Internal Mound Structure of Middle Woodland Mounds, Lower Illinois River Valley, Illinois

Resistance tomography of a Middle Woodland Period earthen mound.

Together with colleagues from the Center for American Archeology (CAA), I investigate how changing cultural landscapes can help us to understand the processes of initial settlement and community formation in the Lower Illinois Valley during the Middle Woodland Period (ca. 2200 – 1550 BP). We are reconstructing settlement processes and the emergence of sociopolitical complexity as reflected in inter-site variability in the internal structure of earthworks, mapped using near-surface geophysics. This evidence will be combined with regional ceramic and bioarchaeological data to test models of community formation and development during the Middle Woodland Period. Our first results are published in a special issue of Advances in Archaeological Practice.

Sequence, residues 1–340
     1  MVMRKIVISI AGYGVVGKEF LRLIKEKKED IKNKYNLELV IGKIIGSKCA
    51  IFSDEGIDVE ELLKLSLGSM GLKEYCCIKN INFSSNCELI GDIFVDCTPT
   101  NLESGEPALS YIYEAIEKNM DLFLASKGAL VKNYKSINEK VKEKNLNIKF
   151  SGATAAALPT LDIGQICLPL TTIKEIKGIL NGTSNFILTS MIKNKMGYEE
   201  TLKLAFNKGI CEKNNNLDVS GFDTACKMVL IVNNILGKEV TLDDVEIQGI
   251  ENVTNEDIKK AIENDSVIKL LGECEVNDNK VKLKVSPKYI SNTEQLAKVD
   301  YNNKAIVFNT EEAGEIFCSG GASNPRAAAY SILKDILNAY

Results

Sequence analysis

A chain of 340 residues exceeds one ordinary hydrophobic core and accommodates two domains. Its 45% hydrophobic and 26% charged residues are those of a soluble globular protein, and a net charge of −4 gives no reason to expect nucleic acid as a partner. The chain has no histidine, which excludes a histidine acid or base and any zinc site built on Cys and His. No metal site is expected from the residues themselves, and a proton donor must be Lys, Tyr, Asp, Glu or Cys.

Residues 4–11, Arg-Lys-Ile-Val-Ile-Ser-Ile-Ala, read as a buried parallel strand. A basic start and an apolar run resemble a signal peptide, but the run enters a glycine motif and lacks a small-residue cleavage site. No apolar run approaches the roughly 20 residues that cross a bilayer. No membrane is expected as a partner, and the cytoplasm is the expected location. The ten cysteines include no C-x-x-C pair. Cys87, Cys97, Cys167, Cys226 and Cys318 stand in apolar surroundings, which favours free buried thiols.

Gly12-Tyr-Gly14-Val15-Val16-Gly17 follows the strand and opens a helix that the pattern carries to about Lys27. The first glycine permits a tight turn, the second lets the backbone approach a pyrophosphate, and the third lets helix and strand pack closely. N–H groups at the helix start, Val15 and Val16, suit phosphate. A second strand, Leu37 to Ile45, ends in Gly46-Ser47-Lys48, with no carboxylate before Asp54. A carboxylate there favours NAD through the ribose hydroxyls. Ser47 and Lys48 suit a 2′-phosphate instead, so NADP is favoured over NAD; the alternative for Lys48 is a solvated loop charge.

Digital representation of one of four dog burials (~8500 BP) found at the Koster Site, Greene County, Illinois. Structure from Motion (SfM) of a cast of the burial prior to excavation.
Learn about the dog burials recovered at Koster at: http://www.caa-archeology.org/digital-3d-model-koster-dog/
Morey, Darcy F., and Michael D. Wiant. 1992. Early Holocene Domestic Dog Burials From the North American Midwest. Current Anthropology 33(2): 224–229 http://www.jstor.org/stable/2743849
Center for American Archeology, Kampsville, Illinois.http://www.caa-archeology.org/